BALLIGAVI- An important seat of learning

By- U.B.Githa

Balligavi the ancient name for today’s Belgami or Belagavi is situated 72 Kms from Shimoga and 12Kms from Shikaripur, the taluk Head Quarters. It was a very ancient capital (anadirajadhani). It was a very important seat of learning with hub of cultural activity. Balli in Kannada means Creeper or Vine. There is a legend that connects this place to the demon king Bali. On account of its religious importance it was called Dakshina Kedareswara and having the same importance as Uttara Kedareswara as informed by the 76 year old priest. Also in the days of yore, traveling was undertaken on foot. Everyone was not fortunate to travel to the important pilgrimage place of Kedareswara of the North hence this temple is believed to have served the same purpose, as did its northern counterpart. Interestingly the priest informed that, he who had lost his sight regained the same, which he attributes to the grace of the deity he worships.

This place was the seat of five Mathas, three Puras (i.e. extensions), seven Brahmapuris, five Vidyapeethas and many many temples. The mathas belonged to the devotees of Shiva, Vishnu, Brahma, Jaina and Buddha indicating the diversity prevailing. Of these the Kodi or Kodiyamatha was well known and had the patronage of the Hoysala Kings. It also was the Kedareswara Matha of the Kalamukhas, a sect of learned Shaiva priests who were associated with tatntric practices. Records indicate there was a University here. The backyards of many houses were once the sites of temples, and the owners by their flights of fancy have put the temple stones to various uses.

There is a beautiful shrine, on the left side of the road. One is very likely to miss this temple, as it is situated at a lower level and hence not visible from the road. Since there is a Ratha parked on the right side of the road, just opposite, it is indicative of a temple. Today in this temple puja is offered. This shrine was attached/formed a part of the Kodimatha.It was earlier on the banks of a lake, with no trace of this now. The lake was known as Padmakere. The temple is exposed to damage because of the road in front of it, as it comes at an angle. Though not a match to the Belur-Halebid temples it has its own charm, and probably the oldest specimen of Chalukya-Hoysala architecture in the state, as per the My sore Archaeological reports. It is fairly preserved by the ASI.

The temple is of the Chalukyan Hoysala transitional type on a stellate platform. It is a Trikutachala (3 celled) facing east. The three cells have towers over them with projections in front bearing the Hoysala insignia, which seem to be of a later addition. The Northern crest has however fallen down. The Western Kirtimukha is perhaps the grandest of the three. The West cell garbhagriha has a low peetha with a medium sized round-headed lingam resting on it. This is of the 7th-8th C, whereas the outer additions of the garbhagriha are of the 12th C. In the South cell also there is a lingam. Vishnu image is seen in the North cell. The doorway of the west cell has a perforated screen with the lintel bearing a fine group of deities with Shiva standing in the centre attended by Brahma, Vishnu, Ganesha, and Shanmukha, and makaras with Varuna and his consort seated. Attached to the navaranga without any partition wall is a fine mantapa supported by two rows of elegantly executed pillars with a veranda all around having entrances on the three sides. The outer row of pillars is 16 sided whereas the inner ring has round lathe turned pillars with bell moulding, whose beauty is still intact. The Jagati or parapet about five and half feet high skirts the front mantapa, with turrets. The ceilings are flat and divided into squares with finely carved lotus in them. The central ceiling has Tandaveswara surrounded by eight dikpalakas. Facing the east is a Nandi, which unfortunately spoils the frontal view. The outer walls are intricately decorated with figures of women having elaborate jewellery, which could be a fashion statement in the near future.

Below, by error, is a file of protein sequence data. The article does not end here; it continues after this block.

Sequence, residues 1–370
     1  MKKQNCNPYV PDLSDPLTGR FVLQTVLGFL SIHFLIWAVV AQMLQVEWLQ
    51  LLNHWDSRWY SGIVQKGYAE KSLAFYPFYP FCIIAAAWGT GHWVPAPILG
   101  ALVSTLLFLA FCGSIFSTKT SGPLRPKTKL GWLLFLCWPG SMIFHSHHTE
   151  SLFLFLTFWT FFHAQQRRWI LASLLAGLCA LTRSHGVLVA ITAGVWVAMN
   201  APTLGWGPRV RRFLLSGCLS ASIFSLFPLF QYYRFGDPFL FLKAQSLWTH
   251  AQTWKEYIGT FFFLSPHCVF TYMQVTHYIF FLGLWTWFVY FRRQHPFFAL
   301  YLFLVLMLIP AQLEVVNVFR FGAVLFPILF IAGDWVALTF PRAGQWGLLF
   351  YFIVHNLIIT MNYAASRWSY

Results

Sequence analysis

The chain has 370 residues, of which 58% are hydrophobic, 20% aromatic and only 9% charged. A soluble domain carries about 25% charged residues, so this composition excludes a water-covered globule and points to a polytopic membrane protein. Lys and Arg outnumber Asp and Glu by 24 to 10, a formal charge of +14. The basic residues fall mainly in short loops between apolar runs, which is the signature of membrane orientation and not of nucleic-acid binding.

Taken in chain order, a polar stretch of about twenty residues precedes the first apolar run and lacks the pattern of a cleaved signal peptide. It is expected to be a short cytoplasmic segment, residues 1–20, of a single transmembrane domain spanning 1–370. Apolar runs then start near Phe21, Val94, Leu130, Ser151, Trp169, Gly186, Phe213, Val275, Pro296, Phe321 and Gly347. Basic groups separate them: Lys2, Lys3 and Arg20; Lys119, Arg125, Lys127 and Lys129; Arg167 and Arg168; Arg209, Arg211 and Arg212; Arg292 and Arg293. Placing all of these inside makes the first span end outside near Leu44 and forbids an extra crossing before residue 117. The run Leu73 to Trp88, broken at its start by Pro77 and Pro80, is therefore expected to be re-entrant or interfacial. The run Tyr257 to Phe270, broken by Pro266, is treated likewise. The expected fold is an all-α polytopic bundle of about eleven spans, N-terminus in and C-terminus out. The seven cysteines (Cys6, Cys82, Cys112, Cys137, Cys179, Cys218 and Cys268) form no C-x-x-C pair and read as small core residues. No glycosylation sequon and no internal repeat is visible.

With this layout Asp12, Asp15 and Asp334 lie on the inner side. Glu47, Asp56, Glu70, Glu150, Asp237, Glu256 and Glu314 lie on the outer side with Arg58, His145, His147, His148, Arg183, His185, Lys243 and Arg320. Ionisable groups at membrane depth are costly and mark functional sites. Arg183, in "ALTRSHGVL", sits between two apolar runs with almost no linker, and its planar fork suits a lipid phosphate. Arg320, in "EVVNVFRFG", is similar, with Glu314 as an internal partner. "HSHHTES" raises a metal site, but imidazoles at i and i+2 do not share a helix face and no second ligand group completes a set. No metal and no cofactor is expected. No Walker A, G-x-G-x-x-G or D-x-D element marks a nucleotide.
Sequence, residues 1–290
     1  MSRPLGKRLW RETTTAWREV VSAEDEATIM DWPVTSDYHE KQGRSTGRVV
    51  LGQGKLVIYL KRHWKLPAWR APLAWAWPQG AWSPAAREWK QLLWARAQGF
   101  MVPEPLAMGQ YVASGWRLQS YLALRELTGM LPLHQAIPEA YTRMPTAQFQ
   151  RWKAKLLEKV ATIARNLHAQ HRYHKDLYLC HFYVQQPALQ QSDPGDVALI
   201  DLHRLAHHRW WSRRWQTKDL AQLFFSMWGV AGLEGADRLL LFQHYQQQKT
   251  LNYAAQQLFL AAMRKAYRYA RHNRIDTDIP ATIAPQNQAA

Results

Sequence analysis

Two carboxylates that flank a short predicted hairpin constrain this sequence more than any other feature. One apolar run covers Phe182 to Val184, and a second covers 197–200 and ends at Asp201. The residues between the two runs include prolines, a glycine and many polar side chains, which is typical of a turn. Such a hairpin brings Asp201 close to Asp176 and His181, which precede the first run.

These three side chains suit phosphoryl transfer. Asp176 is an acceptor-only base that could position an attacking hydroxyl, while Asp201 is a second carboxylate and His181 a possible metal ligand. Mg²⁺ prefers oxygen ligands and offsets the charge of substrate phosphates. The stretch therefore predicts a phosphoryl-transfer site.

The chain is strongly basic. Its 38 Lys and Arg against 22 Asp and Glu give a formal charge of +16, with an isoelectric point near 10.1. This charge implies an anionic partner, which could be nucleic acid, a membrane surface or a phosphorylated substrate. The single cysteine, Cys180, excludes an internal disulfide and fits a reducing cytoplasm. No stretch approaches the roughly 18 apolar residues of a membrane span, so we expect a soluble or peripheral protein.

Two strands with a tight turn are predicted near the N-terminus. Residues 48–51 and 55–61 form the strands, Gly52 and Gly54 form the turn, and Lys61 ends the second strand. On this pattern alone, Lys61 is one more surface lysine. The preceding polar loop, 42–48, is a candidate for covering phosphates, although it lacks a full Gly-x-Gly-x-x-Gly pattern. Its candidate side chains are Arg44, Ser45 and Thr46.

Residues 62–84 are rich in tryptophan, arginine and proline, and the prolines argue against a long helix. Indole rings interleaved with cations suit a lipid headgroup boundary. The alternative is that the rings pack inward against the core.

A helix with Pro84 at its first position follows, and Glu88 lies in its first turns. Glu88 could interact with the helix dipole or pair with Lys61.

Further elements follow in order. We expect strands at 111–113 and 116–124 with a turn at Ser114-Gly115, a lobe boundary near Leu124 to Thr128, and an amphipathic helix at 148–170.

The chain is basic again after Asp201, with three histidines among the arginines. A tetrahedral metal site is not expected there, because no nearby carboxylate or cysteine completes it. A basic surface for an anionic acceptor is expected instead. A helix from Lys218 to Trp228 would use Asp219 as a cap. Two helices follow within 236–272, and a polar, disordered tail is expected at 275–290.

There used to be a Bharundeswara pillar (Garuda Kambha) that has been removed and shifted to a place nearby the ruins of the panchalinga temple.
In the government of Karnataka gazetteer it is mentioned that this is the birthplace of Allama Prabhu, a poet saint of the 12th C, and hence there is the Veerashaiva influence. Also mentioned is that Akkamahadevi came as the daughter in law to this place. The consort of the the very popular Hoysala king Vishnuvardhan, queen Shantala and the sculptors of Belur temple are the natives of Belagavi. Nearby are the ruins of a Buddhist Vihara.Adjacent to the shrine is the ASI museum that is maintained well. Efforts have been made to collect stray sculptures of ruined basadis, Viharas and temples and are preserved in the museum. However some of the exhibits are placed outside the museum due to lack of space.

Author

U.B.Githa is a Postgraduate in Botany from Andhra University, with two decades stint in the banking sector. Her love for a better comprehension of Indian culture was chanellised to completing a Post Gradute Diploma course in Indology from Bangalore University in 2003.Wanting to share her love of the country’s heritage, has prompted to the contribution of more than a dozen articles/features in leading newspapers of Karnataka.She gives guest lectures at Rotary clubs, schools etc.Being a research associate of M H Krishna Institute of Indology, Bangalore, she was a privileged member of the team headed by Dr.S.Nagaraju, renowed indologist that recorded and documented the socio religion interface and its relevance to contemporary times at the recently concluded Simhastha (Kumbha Mela-2004).

 

 

 

 

 

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